The mediocre “Trends” metrics page built into reader tells me I have read 119,568 Items this year, which will grow by something on the order of 2,000 over the course of the day.
To be fair, that statistic is rather misleading for several reasons. First, I tend to skim feeds by locking my hand over j (next item), k (previous item), space (next object), and middle click (open in new tab, there is an upper midddle mouse button for the Trackpoint on Touchpads), so it shows my reading everything even if it flickers by as I parse the headline. Second, I’ve added some ” chatty” feeds in the last couple months, particularly Y-Combinator’s HackerNews feed, which is a ~105 item/day noise machine, full of stereotypical startup douches, presented headline-only. I tolerate HN because it brings me some truly excellent oddities that I wouldn’t see otherwise, and does so on a regular basis. For scale, reader tells me I’ve clicked 406/3000 things from HN in the past month, and only perhaps half of them were inflammatory headlines that were closed as soon as I realized what they were. Which is still more than the next most clicked feed.

The more meaningful metric is that, according to the terrible “Export starred items, then do a wc on the json file, and subtract one” method, I have starred 1188 items in the past year. Also working around the Trends page sucking by making note of the value in the 30-day sliding window from time to time, I seem to actually click into between 750 and 1000 items a month, of which I fully read probably 2/3.

As for Reader itself, I’m not fond of the current visual (re)design, and Plus is wildly inferior to the pre-Plus sharing mechanism, but in terms of features and convenience, it is still the best feed handler I’ve seen. The closest I can find is TinyTinyRSS, which is a self-hosted solution with an Android app. It is apparently something of a resource hog for cheap shared hosting, and currently doesn’t have a good “share with note” mechanism, but I’m keeping a close eye on it because it is very close to a drop-in replacement, the idea of self-hosted appeals to me, and Google dependency makes me nervous. If someone hacks together a clean flow for sharing with note into something a reasonable blog type CMS can syndicate, or Google gets any less functional/creepier, I could easily see myself making the switch.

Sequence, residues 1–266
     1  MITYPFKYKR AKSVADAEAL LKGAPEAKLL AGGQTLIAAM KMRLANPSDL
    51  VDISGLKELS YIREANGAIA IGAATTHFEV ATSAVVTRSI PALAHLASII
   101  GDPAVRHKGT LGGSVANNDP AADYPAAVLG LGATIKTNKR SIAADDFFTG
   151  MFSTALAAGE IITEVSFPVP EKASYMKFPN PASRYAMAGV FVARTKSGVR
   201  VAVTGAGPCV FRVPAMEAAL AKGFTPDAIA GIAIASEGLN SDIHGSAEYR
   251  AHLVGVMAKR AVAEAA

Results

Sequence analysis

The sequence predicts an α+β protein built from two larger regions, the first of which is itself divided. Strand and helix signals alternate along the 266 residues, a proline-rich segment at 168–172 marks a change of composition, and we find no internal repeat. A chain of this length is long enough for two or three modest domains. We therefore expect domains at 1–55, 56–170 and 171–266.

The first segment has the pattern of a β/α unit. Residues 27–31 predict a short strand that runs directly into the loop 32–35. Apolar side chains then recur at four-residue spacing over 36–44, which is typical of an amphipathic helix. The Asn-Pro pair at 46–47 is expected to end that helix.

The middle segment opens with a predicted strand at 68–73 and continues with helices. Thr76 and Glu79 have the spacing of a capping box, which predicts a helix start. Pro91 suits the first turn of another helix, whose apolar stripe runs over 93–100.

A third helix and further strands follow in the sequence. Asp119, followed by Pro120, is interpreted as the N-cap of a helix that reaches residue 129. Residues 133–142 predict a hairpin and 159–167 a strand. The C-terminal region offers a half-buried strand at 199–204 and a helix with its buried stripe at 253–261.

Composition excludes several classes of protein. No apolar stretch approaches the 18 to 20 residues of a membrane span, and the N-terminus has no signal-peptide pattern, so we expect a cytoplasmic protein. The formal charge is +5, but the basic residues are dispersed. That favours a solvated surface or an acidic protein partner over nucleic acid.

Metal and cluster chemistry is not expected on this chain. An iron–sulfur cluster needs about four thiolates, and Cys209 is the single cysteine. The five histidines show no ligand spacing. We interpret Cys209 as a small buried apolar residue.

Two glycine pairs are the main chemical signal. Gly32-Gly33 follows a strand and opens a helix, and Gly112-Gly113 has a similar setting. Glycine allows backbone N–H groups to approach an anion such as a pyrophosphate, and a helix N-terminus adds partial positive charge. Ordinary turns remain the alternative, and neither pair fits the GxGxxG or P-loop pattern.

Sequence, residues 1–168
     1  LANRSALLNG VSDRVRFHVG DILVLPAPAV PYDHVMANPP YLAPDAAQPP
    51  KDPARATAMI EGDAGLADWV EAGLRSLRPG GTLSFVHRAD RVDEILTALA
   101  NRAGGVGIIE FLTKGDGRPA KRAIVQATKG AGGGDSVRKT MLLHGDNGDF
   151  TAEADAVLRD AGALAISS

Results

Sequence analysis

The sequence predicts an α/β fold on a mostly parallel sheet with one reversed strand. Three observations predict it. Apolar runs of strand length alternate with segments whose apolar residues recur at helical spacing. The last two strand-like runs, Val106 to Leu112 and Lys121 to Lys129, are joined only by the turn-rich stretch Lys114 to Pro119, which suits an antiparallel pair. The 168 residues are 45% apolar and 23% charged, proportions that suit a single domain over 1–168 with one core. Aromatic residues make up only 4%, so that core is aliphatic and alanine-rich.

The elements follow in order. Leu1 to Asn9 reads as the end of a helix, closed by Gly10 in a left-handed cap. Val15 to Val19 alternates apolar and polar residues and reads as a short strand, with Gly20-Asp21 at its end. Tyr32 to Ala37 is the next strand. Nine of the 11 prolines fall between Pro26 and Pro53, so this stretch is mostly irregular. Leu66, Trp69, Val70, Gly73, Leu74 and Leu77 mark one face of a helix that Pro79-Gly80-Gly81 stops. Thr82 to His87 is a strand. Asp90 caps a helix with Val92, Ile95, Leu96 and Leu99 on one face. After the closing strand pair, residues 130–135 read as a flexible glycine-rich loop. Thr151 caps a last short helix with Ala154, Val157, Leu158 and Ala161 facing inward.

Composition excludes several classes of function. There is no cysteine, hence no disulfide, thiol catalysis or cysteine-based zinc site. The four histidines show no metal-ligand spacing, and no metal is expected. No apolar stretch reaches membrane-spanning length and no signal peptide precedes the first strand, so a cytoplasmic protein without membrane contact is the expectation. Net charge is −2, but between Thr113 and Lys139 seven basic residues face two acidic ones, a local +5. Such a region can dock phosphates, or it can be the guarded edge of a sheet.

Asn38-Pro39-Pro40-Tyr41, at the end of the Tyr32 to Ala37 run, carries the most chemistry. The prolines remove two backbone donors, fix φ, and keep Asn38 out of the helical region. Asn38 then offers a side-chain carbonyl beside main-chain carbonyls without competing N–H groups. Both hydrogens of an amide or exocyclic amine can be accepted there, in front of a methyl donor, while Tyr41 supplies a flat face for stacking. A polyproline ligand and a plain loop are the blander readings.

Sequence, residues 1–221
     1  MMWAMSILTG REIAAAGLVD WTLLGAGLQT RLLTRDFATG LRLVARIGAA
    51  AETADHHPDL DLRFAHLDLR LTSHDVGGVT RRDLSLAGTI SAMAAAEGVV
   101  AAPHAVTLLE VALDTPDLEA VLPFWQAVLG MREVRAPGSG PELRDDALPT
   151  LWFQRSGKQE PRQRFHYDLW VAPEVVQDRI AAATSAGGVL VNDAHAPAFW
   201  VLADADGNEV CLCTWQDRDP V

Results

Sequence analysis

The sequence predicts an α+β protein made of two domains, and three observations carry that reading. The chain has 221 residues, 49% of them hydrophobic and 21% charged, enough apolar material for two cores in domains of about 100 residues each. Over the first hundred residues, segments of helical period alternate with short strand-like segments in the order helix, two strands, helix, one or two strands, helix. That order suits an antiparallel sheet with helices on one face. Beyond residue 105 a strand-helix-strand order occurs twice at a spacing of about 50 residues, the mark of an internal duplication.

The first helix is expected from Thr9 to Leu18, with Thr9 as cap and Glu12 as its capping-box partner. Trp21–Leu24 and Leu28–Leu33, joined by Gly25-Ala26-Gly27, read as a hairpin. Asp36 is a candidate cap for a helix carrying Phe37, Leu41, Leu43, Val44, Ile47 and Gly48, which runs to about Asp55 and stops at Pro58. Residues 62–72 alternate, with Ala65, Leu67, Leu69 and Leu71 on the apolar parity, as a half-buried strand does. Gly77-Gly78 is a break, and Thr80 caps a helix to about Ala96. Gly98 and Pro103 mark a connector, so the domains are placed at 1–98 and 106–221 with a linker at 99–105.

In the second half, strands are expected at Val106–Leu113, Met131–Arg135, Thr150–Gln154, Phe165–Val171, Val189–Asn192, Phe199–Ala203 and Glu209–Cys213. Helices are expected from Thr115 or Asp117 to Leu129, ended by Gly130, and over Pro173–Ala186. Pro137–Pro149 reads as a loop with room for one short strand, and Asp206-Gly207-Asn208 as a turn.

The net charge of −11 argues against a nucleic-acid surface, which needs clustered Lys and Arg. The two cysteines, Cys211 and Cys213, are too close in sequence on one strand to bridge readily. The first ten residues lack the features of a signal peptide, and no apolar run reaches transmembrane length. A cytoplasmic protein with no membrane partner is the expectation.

So I have a slight reader problem, but it is an awful lot of fun, and I think it makes me a more interesting person. For the curious, my exported list of feeds is here.

Posted in Computers, Entertainment, General, Navel Gazing | 2 Comments

Exploit Exercises is magnificent: nice pre-packed virtual machines with a set of known vulnerabilities to learn various classes of security problem from. Fuzzing you own machines is never any fun, because the likelyhood of finding anything good is infinitesimal, and … Continue reading

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A Single-Image Review of the Windows 8 Consumer Preview

The default desktop background/log in image is the ugly 8-betta. Thanks to the GIMP and general orneryness for the flip.

This, even more than the DP, is a media-consumption OS – either we are watching the end of general purpose computers, or it will be holding the “Every other Windows release is a miserable failure” pattern. Touchscreens are horrible interface devices where other options are available, and optimizing for them makes horrible interfaces.

Edited to switch to a deader version (old version) and add source XCF with the background edges fixed and all the objects on separate layers for other’s editing pleasure.